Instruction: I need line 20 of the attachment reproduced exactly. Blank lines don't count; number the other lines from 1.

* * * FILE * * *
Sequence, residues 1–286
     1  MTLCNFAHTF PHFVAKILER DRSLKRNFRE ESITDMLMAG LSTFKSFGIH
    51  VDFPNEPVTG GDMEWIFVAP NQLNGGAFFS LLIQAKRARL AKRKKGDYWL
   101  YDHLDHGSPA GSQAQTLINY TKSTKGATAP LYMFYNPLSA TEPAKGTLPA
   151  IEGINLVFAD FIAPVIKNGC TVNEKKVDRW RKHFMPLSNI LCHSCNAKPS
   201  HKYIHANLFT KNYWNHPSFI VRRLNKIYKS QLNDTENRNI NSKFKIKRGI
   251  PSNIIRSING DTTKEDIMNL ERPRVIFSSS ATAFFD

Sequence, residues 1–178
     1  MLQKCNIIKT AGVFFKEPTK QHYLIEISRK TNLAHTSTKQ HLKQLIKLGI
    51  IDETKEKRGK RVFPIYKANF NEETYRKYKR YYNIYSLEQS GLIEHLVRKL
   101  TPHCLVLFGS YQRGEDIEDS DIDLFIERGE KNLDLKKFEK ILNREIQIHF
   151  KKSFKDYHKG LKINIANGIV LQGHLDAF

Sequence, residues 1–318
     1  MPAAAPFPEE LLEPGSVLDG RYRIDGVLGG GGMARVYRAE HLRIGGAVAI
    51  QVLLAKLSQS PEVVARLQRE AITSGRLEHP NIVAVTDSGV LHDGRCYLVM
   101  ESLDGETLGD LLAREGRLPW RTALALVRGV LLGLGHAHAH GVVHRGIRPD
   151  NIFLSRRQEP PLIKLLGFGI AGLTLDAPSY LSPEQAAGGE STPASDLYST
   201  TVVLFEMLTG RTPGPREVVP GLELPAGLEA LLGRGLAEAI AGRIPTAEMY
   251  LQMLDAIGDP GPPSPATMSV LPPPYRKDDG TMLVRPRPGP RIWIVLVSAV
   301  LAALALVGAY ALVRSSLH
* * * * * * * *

   301  LAALALVGAY ALVRSSLH